from using it. There were a few such constructions on the
		  road.(There is only a small, pedestrian bridge at the
		  river there must be crossed). One of the Barfields lakes as seen from the road that
		  runs by it. More blueberries. One of the Barfield lakes as seen from a road running
		  along a ridge between two of them. A smaller Barfield lake looking in the opposite direction
		  of the previous photograph. The path along the ridge. The larger lake is on the left,
		  the smaller on the right. Looking back across the larger of the Barfield lake. A natural arch formed by a tree. Wildflowers near the Barfield Lakes. Open area near the Barfield Lakes.

I had a crazy plan to do some cross country hiking and end up near the Barfield Lakes. I even planned to camp if it was late enough when I got there. In the morning it clouded up and actually rained for a little while. I took this as a sign that I shouldn't try such a long trip through the woods by myself. (Naturally, because of this decision it was the only rain that occurred on the whole trip.) Instead I took the more normal route, hiking along McCloud Grade past the Lucky Buck, .... On the road off of McCloud Grade there were some earthwork berms built. I presume this is to keep cars/trucks off the road. It runs to a river which can only be crossed by a wooden bridge meant for pedestrian traffic as far as I can tell. Even so, there were many tracks from four-wheelers along the road running all the way up to the bridge. It wasn't clear if they cross the bridge or not (though I can't imagine the bridge surviving long if they do). Typically they either went over the berms or made new paths around them.

The area around the Barfield Lakes is quite beautiful. It is a group of lakes, I only went to some of the larger ones that are easily accessible from a road. In the past I had gotten to the large lake, then turned around. This time I continued on. There is a nice, small road that runs along a ridge between two of the lakes. It looks like a perfect place for a small camp ground. Lakes can be seen looking to the left and right from the road. The road ends at the small river/marshy area connecting the two lakes. I briefly thought about crossing it, but it wouldn't have been easy. Instead I turned around and continued around the smaller lake for a little ways and ended up exploring a small peninsula that runs into it. This looks like a great place to go in the winter (though the main road, at least, must be a major snowmobile trail).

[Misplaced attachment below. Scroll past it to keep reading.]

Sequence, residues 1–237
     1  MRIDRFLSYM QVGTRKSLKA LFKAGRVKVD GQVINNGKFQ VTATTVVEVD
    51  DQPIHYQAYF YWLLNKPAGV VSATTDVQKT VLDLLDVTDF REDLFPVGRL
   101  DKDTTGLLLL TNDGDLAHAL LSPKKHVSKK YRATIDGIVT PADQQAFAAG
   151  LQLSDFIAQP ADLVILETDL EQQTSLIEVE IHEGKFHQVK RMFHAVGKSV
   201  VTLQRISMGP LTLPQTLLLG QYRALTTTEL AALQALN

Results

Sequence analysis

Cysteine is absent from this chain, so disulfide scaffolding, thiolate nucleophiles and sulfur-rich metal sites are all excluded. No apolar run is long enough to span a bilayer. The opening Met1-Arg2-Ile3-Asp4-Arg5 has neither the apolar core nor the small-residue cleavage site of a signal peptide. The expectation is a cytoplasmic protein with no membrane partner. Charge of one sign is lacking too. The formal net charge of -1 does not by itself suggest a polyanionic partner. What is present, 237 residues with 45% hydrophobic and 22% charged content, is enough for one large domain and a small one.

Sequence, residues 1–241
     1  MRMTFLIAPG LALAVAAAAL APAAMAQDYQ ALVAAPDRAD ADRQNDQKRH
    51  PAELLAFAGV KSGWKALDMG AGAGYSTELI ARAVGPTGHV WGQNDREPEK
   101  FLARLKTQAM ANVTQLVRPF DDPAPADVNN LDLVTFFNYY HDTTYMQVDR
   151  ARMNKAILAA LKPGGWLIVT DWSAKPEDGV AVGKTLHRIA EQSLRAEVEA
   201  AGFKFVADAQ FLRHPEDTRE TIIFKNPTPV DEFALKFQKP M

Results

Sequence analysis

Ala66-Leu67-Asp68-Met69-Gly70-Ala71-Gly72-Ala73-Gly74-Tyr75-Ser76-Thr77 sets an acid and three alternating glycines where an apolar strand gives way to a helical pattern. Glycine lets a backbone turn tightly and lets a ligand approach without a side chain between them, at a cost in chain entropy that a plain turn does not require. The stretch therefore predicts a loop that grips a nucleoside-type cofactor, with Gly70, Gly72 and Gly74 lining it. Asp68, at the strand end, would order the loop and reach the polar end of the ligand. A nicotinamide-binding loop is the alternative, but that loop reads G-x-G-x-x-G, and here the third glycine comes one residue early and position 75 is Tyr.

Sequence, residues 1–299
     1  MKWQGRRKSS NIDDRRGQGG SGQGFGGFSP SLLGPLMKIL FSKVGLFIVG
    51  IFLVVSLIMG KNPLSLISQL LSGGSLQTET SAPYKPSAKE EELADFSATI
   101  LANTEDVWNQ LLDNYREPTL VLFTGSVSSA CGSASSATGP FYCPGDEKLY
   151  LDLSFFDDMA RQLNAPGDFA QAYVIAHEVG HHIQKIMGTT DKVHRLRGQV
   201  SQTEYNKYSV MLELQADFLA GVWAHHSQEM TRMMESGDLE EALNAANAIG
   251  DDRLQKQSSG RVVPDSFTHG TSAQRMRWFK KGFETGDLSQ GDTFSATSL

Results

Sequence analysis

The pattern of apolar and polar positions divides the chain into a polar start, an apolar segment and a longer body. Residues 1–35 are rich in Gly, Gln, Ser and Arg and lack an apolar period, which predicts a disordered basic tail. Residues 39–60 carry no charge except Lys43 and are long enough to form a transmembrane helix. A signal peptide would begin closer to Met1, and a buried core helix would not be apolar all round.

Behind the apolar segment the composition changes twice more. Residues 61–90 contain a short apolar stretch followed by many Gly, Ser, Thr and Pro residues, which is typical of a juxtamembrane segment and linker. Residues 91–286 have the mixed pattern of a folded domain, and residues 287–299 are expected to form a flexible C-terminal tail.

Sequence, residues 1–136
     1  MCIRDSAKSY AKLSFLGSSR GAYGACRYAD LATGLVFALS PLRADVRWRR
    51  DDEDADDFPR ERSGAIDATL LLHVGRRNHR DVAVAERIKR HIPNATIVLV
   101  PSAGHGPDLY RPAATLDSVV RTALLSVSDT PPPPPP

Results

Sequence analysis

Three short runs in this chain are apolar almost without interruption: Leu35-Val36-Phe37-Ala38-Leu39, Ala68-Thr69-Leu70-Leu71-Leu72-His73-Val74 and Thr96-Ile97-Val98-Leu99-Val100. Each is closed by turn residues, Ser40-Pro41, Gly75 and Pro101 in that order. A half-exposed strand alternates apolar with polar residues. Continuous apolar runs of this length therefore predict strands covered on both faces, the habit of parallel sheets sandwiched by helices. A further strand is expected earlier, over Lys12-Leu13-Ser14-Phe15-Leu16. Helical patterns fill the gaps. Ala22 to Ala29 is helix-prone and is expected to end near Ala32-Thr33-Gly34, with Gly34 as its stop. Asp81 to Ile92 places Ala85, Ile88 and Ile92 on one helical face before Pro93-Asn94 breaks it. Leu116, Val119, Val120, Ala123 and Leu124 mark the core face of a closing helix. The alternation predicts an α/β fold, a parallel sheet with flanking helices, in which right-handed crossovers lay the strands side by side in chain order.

On the way back I was stopped by some people driving to the ruined cabin site just past the Lucky Buck. We had explored it in the past (I don't seem to have any pictures of it). It is most notable for the double seater outhouse that is still standing. It seems that this used to be Okinawa camp. It was abandoned because the lease cost got too high for the limited time they could use it. Instead the former owners stay in town and come out and visit the site the few times they are in the area.

Large mushroom shelf growing on a decaying log. Small pool that feeds the creek that runs past the
		  Cabin. This is in the woods on the other side of McCloud
		  Grade. Another view of the pool that feeds the creek near the
		  Cabin. Large root structure from a cluster of trees that
		  fell. The height of this is about 12-15 feet at its
		  maximum. This is in a marshy area. The trees only needed
		  shallow roots to find water and thus were not strongly
		  attached to the ground. The other side of the root structure. It is made up a few
		  trees. A further view of the root structure. There are at least
		  2 large trees and a few smaller ones that all fell. A largish tree that snapped off in a windstorm. The tree
		  appeared healthy with many branches of (still) green
		  leaves. Sign found on a tree along Old Seney road. The "super bridge" that was formerly the one
		  lane bridge. Besides the bridge the road on both sides of
		  it was paved for a ways. Sign near the new bridge. I didn't know that survey
		  markers were an endagered species. The survey marker. It appears to have suffered a gash but
		  is otherwise in good shape. The paved road over the bridge. Run off area from the bridge. Notice the rocks and a
		  black retaining fence in the background, both to prevent
		  erosion. View of the river running under the bridge. The intersection of the McCloud Grade (running up and to